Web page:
Script consultant Julie Gray is a veteran story analyst of some of the biggest production companies in Hollywood. The author of Just Effing Entertain Me: A Screenwriter's Atlas, Julie has taught story at Warner Bros. Studios, The Great American PitchFest and Oxford University. Contact Julie here.
The stories that we tell ourselves, about ourselves, about our worlds, are very powerful. We need them. When we believe our stories, we can cope with what we think is truth. And we desperately need some truth to hang onto these days.
And that's where you come in, dear screenwriters. You are storytellers in what is arguably the most powerful medium of the modern era. Your influence, should your film get made, will reach hundreds of millions of people all over the world, on every continent.
If you doubt the importance of stories in our lives, watch this Ted Talk by Tyler Cowen. I think this is the best Ted talk I have ever seen, but then, stories are my life.
I happen to live in what is probably the most storied part of the world – Israel. And while you may think that a land dispute is what keeps us in conflict here, you are only half correct. In the big picture, it's a battle of narratives. Of whose story is the correct one.
As writers, we know ambiguity is, in many ways, the beauty of our stories. Because we know there is no one truth. As screenwriters, we get to explore many points of view and truths through each character.
But there's more to think about than that. Just what IS your message, your truth, contained in your script? The other word for this is theme. What is your theme?
If you have read my book, Just Effing Entertain Me, you know that theme is best and most interesting when posed as a question – so rather than saying my theme is "violence will never bring peace" maybe your theme is “CAN violence bring peace?” Do you see the difference? In one case, you're saying, “Okay my theme is a statement. Violence cannot bring peace.” You will quite possibly, just state your theme over and over again on every page through every character. Even as your antagonist, who embodies the WRONG answer to your theme antagonizes the main character – we know he'll be defeated. But if your theme is a question – wait – could violence create peace? That means you have to actively entertain the opposite belief – that it could. And now you're cooking with gas because that is interesting. Goodbye flat story.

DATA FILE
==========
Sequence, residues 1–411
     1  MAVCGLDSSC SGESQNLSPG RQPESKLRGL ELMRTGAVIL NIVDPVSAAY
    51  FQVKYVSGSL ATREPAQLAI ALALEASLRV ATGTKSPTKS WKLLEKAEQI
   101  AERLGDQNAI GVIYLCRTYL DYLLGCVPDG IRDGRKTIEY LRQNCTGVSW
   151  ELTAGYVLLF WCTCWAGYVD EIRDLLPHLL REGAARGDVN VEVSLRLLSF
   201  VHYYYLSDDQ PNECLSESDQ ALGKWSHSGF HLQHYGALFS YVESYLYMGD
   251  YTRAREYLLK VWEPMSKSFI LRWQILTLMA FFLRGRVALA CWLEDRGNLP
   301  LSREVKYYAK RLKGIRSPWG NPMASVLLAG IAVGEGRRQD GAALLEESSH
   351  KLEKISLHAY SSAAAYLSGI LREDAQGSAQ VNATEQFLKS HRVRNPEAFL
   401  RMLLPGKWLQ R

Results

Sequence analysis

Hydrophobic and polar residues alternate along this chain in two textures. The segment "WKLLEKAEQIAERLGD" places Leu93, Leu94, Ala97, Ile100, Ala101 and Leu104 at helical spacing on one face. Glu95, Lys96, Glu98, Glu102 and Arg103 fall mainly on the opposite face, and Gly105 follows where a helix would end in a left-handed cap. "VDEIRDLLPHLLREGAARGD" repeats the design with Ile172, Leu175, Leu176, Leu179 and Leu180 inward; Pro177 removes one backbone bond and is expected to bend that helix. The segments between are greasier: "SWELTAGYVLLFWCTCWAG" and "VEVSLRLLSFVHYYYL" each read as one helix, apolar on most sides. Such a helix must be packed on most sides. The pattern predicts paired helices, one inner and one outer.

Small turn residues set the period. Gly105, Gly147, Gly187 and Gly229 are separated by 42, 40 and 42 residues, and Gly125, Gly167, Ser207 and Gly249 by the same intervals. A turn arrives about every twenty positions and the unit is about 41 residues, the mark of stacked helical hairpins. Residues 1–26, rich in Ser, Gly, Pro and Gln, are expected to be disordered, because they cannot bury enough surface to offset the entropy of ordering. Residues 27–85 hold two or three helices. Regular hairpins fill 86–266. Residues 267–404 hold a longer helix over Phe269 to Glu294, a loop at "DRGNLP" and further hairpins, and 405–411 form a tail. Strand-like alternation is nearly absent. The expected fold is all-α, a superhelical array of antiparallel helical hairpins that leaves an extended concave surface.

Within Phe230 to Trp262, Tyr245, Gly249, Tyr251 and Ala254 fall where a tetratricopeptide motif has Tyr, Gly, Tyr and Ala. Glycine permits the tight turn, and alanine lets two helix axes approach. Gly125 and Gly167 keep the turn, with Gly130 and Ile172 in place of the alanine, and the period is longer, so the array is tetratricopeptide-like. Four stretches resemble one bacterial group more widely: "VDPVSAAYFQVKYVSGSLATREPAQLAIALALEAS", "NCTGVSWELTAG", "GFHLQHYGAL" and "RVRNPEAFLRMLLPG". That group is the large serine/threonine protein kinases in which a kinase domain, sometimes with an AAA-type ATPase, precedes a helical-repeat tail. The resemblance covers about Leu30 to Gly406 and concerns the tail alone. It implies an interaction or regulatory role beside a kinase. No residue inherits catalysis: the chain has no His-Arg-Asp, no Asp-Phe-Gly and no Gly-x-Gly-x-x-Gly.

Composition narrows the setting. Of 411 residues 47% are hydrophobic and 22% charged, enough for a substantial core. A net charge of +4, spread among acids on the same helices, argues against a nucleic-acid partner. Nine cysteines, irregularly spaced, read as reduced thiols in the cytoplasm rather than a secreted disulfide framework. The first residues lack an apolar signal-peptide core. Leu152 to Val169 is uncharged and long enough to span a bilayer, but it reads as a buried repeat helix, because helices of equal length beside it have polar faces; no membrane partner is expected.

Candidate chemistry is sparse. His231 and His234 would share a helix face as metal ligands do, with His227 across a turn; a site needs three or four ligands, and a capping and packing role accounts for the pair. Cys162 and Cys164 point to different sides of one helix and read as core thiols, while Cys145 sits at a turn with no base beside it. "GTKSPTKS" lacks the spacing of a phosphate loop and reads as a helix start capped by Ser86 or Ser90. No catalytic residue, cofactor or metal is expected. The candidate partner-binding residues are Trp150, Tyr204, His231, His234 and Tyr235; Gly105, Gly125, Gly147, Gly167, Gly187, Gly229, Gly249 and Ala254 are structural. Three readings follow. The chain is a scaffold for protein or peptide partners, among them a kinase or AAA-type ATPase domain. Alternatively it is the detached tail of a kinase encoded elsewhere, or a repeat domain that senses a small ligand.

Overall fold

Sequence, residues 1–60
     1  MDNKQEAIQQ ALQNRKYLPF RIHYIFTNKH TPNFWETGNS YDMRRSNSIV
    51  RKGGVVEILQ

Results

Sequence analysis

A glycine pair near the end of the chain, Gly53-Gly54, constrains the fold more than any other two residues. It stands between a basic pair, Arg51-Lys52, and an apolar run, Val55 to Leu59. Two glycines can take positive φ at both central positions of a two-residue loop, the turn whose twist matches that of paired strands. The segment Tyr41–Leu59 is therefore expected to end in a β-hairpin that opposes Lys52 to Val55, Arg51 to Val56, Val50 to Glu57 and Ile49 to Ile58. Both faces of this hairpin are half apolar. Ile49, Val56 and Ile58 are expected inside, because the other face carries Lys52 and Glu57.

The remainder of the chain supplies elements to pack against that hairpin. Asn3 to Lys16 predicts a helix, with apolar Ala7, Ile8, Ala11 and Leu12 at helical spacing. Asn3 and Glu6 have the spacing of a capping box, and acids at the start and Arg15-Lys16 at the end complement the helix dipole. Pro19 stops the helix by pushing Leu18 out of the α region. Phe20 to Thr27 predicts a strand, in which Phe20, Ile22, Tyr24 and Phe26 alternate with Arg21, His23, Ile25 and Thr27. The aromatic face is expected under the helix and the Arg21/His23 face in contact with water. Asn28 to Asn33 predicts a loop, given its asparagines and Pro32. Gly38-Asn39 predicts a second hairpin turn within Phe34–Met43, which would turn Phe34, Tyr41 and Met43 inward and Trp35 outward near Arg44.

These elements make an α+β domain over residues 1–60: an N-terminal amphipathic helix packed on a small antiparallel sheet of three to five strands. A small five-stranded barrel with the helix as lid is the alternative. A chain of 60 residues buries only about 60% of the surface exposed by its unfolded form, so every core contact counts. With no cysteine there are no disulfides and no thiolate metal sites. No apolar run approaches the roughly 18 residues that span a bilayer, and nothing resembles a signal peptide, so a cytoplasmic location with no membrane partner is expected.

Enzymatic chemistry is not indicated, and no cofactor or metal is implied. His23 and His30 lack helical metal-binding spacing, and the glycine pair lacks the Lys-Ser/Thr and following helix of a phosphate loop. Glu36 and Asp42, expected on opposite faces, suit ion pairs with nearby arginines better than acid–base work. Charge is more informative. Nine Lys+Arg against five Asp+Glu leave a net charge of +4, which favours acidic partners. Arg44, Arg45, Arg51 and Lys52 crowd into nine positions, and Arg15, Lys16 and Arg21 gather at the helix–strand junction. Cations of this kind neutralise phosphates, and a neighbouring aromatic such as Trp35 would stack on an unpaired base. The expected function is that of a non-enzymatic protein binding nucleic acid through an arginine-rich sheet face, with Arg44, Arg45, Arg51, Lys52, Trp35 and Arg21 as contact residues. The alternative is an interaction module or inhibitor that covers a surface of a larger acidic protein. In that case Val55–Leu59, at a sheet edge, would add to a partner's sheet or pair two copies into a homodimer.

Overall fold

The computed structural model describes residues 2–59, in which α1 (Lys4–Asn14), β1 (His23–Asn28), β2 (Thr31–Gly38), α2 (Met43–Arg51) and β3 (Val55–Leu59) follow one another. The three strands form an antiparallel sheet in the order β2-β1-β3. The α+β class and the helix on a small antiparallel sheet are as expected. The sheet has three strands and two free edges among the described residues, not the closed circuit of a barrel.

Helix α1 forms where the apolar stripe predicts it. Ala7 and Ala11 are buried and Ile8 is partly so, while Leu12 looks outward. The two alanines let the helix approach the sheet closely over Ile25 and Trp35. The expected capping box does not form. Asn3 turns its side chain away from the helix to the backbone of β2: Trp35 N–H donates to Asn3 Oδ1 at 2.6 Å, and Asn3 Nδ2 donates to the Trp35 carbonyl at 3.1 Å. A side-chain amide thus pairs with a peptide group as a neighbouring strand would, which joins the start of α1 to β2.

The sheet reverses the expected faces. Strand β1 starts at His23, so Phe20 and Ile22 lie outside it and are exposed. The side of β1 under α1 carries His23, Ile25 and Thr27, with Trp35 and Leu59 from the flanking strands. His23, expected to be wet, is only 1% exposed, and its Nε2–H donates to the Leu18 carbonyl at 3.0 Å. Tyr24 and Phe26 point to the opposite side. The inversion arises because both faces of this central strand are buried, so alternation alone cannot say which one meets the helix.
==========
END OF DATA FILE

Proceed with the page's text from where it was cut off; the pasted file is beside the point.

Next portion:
Remember the huge impact that movies have on people all over the world. This doesn't mean your theme always has to be “nice” or “acceptable” but it does mean you are contributing to the human narrative. For a little perspective, here is one of my favorite movie openings ever, from Contact.
One of my favorite films – full of ambiguity by the way – about the importance of storytellers and entertainers is the great Preston Sturges film, Sullivan's Travels, with the luminous Veronica Lake and of course, Joel McCrea.
We need you. All over the world, we need you right now. To tell stories that help us cope with the hopeless ambiguity of life and that help us both feel and bear our sometimes difficult lives.
Do us a favor and get your movies made. Do you know how you can do that? You can write your buns off and you can do it well.
Writing scripts isn't about winning competitions or making money. It's about being part of the human narrative. Now that's a payoff that is hard to quantify, isn't it?
- Read more articles by Julie Gray
- Sci-Fi Circuit: Movies with a Message
- Interview with Marlo Bernier, Creator of New TV Series “Myrna”
Get more story advice in Julie Gray's book
Just Effin Entertain Me: A Screenwriter's Atlas